[Y Combinator] boys, if you mattered at all you’d have done something I’d have heard of by now. Something a little more like Google and a little less like AirBnb. You haven’t done it, and it’s pretty much because you don’t matter. No matter what the circlejerk might have been telling you, the fact of the matter is you (collectively and individually) suck.
Never one to mince words,iii MP aptly noted that the success of AirBnb is predicated entirely on their ability to hawk graphic designiv and buy newspaper pump pieces. And that’s sort of a best-case scenario for YC.
Which brings us to Russ Roberts of EconTalk,v who lined up Sam Altman, President of Y Combinator, for an interview this week. Since the hour-long chat focused on technology, investing, and Bitcoin, some of my favourite subjects, for your enlightenment and enjoyment, let’s review a few highlights from their interview:
Roberts: Of the 716 [companies that YC has invested in], how many have been phenomenally successful?
Altman: Well I would argue at a minimum that anything over $100 mn dollar valuation is phenomenally successful. There are more than 20 of those.
Roberts: What are some of the biggest successes?
Altman: Oh–AirBnB, Stripe, Dropbox. Weebly, Optimizely, Zenefits, Teespring. Instacart.vi I could go on for a long time. One stat that I just heard that I love, is that since we sort of really got going, two years in, since 2007, half of the $10+ bn dollar technology companies that have been started have gone through YC.
Assuming that there’s been at least 2x $10+ bn tech companies started since 2007, and that YC is getting 1% of that after all the other stakeholders move in and take their cut, and that they’ve held on to 2% of the 20x $100+ mn companies, YC is doing quite well!vii
If this is indeed the case, perhaps we can chalk it up to their American Idol idolatry:viii
Randy: So, I’m curious at what level of projection and detail–if after this [funding candidate] interview is over I said to you, by the way, Sam, I’ve always had this great idea; and it grabbed your attention–is that level of–?
Paula: Very little, honestly.
Randy: Very little what? Detail?
Paula: Yeah. So, on the specific question of profits, we actually like startups that are reinvesting the money they are making into making their company better.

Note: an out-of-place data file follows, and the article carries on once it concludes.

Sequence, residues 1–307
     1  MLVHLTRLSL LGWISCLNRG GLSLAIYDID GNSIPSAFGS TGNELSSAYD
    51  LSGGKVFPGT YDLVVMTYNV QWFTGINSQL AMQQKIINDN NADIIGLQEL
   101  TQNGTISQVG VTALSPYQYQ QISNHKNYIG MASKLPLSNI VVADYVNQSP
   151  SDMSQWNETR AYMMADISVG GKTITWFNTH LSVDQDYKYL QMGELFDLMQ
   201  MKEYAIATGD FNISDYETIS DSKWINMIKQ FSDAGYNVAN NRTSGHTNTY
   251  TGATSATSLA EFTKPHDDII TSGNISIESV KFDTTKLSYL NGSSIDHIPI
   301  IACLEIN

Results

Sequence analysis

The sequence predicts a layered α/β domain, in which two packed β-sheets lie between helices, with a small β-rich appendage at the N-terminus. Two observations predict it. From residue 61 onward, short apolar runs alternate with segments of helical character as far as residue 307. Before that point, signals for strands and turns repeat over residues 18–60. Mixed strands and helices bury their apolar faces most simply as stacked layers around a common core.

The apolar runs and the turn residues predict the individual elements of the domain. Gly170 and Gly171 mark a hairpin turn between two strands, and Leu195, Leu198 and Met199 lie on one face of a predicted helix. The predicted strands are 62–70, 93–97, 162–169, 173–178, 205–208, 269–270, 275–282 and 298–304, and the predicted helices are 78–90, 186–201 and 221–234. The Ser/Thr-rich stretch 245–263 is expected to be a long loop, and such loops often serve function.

Randy: Oh, sure.
Paula: They don’t actually have profits when we see them. That’s expected. The level of detail is quite low. The startups–we look at their demo, but we never read the business plan.ix
Randy: You do not?
Paula: Never, ever.
Paula: I’ve never written one in my life. At the stage that we are operating at, it’s irrelevant. Like financial projections also we never look at. Now, we get an application, which is like a text but not much; a video, a one-minute video of the team.
Randy: Did you say 1-minute?x
Paula: 1-minute video introducing the team.
Randy: That short. It’s 60 seconds.
Paula: Very short. A demo if they have one. That’s all that we have about whether we make our decision or not about whether we are going to interview the team. And if we interview them, we interview them for 10 minutes and we decide on the spot. So, it’s pretty quick. Which means we get it wrong some of the time.
Randy: Hold on. When you say you decide on the spot,xi there are many dimensions to deciding, right? So, are they coming at you with a particular ask in terms of money?
Paula: With a standard funding offer. So our deal is always the same. It’s $120,000 for 7% of the company.
Randy: Oh, wow.
Paula: And we don’t really change that.
Randy: Wow. Nobody else does anything remotely like that.xii
Altman: No. But if you look at our time scale, like it would take 10 minutes to negotiate an offer. So at the speed that we have to operate, there’s no time to negotiate. So we just say this is our offer, the same for all companies. And that’s it.
There’s no time to negotiate? Are the candidates’ moms waiting in the 10-minute loading zone out front?? No matter. That’s their business and they’re sticking to it. And who knows, maybe they don’t lose their shirts behaving like Usagi.
Eventually, blessedly, Russ and Sam even made their way to the topic of Bitcoin, on which I have a few important footnotes to add: